hope this helps & enjoy your new home


    revel

  • cool stardust, I've only ever been in a yhurt once and experienced a similar thing... it was toasty warm and full of hanging stuff! i think my bender is too big to get that warm. am considering partitioning off half of it with a duvet wall if it gets really cold. we are also infested with mice! they are tearing it up with their mates all night. so noisy! and when we first moved in we had moles appearing in the lounge room floor. it was brilliant!

  • thanks revel that's a really good tip re pallets. i will stop chopping them up as firewood and consider how to retro fit them into the bender. that is def better than just mud. and yes, i did stand burner on them flat stones as you suggested. was a fluke tho ! cheers x

  • why not start the pallets with your sleeping area.
    if you fix a space blanket to the top of the bottom layer of the pallets ..if that makes sense
    it will really keep the cold from coming up & you wont get the condensation probs you get if you try
    to sleep wrapped in the spaceblanket, or directly on top of it


    revel

  • aha my beds now have space blankets under them! have also started to insulate the walls where the beds are. they are bunk beds which now I've read some of your posts, perhaps should not have been built so near to the floor.... will see how we go. we are also taking in water by the burner, looks like its coming up through the floor rather than from the sides or roof.. got my work cut out here for next two days me thinks..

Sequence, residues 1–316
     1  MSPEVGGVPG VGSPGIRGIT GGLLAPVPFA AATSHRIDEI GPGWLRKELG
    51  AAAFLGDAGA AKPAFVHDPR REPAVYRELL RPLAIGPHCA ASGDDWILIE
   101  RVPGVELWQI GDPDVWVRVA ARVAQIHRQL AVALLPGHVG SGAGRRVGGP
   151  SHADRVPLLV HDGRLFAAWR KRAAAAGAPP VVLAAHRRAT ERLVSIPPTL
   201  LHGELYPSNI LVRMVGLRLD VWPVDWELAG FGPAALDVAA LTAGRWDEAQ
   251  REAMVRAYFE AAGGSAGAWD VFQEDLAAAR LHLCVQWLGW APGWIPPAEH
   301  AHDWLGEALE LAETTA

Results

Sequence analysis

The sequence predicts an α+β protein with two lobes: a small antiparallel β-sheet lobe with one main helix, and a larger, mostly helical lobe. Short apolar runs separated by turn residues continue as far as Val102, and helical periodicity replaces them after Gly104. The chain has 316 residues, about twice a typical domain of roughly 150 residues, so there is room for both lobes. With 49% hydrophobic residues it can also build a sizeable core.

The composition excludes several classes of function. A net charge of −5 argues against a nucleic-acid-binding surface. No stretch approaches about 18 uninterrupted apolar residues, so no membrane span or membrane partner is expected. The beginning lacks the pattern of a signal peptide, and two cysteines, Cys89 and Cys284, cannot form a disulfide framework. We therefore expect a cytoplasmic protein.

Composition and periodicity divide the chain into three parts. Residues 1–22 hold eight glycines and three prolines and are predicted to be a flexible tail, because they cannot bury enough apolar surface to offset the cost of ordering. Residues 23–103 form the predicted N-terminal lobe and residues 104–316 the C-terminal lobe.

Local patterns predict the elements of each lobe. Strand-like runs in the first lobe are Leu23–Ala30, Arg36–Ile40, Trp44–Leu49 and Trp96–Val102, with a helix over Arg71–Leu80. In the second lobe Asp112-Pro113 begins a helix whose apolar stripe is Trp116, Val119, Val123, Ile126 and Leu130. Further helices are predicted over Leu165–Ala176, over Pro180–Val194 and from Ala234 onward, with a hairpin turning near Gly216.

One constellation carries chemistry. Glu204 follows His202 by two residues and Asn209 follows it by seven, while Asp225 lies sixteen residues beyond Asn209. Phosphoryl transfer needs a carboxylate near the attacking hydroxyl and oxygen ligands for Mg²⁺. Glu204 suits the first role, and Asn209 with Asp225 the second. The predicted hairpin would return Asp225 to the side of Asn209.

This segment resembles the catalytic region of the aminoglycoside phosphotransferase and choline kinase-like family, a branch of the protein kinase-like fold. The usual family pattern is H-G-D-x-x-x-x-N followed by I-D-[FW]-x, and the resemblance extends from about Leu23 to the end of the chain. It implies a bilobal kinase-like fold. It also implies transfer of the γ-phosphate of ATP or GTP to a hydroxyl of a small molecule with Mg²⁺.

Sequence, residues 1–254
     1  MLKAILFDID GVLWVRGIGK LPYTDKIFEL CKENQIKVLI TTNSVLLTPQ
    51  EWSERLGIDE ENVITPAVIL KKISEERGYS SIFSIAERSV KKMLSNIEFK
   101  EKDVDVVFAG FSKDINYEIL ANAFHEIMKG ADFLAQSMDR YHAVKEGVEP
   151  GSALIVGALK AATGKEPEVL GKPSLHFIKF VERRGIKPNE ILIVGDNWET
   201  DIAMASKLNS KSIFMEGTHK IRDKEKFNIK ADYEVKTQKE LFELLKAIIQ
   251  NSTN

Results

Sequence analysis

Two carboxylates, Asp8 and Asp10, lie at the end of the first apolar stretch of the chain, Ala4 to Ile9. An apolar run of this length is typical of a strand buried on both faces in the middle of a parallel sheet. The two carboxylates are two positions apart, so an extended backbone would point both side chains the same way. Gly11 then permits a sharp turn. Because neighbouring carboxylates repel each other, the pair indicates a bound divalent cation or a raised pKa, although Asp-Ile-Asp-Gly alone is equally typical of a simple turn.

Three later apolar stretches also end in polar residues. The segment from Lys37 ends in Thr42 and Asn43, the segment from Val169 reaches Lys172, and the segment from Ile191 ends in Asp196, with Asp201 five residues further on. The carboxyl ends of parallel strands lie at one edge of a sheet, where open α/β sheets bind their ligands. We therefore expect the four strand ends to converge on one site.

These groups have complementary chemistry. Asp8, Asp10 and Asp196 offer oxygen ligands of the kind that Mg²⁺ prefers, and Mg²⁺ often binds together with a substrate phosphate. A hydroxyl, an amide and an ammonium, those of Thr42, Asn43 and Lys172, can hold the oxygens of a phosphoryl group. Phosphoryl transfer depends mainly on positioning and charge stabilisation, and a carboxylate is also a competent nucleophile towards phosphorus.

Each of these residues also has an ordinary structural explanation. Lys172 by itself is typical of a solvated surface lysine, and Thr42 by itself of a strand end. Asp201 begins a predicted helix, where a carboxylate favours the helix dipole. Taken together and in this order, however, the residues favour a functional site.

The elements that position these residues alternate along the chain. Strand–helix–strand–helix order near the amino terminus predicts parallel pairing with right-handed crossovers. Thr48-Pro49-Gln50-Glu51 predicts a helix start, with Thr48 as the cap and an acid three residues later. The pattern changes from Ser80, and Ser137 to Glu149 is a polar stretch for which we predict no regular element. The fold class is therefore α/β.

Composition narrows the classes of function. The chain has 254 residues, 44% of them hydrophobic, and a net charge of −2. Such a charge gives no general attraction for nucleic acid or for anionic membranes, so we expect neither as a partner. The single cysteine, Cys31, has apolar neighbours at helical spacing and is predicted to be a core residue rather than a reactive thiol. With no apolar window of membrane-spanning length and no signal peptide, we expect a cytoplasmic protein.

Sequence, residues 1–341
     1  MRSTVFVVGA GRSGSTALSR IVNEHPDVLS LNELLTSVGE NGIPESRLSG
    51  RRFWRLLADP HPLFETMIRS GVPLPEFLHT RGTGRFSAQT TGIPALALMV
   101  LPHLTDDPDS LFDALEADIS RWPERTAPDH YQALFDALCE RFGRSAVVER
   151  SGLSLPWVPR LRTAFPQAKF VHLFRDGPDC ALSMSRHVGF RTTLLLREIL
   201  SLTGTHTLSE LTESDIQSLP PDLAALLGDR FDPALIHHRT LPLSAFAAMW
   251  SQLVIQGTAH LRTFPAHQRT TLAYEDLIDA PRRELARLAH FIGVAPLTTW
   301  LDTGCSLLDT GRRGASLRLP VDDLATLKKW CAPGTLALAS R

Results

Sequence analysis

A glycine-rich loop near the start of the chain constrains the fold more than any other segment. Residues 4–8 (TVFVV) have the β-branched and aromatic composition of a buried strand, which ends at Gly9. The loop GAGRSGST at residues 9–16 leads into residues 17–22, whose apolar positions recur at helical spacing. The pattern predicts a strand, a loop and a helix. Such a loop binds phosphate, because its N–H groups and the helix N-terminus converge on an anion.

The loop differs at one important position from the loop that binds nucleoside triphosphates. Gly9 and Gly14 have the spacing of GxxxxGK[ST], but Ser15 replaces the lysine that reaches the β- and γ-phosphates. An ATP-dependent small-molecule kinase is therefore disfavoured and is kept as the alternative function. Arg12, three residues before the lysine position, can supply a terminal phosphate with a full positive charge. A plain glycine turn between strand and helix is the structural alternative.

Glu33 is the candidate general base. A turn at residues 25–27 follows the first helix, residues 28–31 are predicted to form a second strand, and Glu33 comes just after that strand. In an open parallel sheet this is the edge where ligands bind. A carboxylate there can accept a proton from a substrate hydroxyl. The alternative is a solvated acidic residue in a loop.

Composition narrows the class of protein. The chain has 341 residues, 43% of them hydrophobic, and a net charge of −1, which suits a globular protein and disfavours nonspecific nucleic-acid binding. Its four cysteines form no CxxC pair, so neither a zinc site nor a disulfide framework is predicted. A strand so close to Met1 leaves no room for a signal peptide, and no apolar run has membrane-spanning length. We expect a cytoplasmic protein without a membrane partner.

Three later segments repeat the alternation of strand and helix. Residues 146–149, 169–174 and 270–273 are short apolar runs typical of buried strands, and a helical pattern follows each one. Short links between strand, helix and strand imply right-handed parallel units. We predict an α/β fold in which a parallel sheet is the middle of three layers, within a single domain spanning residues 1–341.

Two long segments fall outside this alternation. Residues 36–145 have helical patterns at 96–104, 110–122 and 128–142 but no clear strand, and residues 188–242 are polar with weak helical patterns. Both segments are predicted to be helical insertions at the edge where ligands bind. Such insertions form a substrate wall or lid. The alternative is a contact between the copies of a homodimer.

• hi
    if youve got water coming in / up try digging a trench right around the outside of the bender,
    depending on how level your spot is the water will start to pool at one point in your circular trench
    dig a channel away from your bender at that point to drain away the water.


    what is prob happening is the heat from your fire is drawing the moisture up, this even happens in old stone houses with no foundations n stone / concrete floors


    what your trench is doing is stopping the flow of water in via the surronding land
    in the same way you drain a field by putting your ditch above it not below


    depending on the type of soil / ground your on decides how deep you need to go
    start at say 6 inches or the depth of the spade your using


    honestly this does work, ive even see it work for benders on irish bogs


    hope that helps & good luck


    revel

  • im up and digging! done half of it already. what an excellent tip. thanks so much! i have put some plastic down where the pond is inside, just for now. till i work out what to do about it. i didn't know heat could draw water in...we now have tons of pallets to play with (hippy lego!) so will use some for flooring and some for burning. should i line the trench with plastic then put pebbles in or just leave it?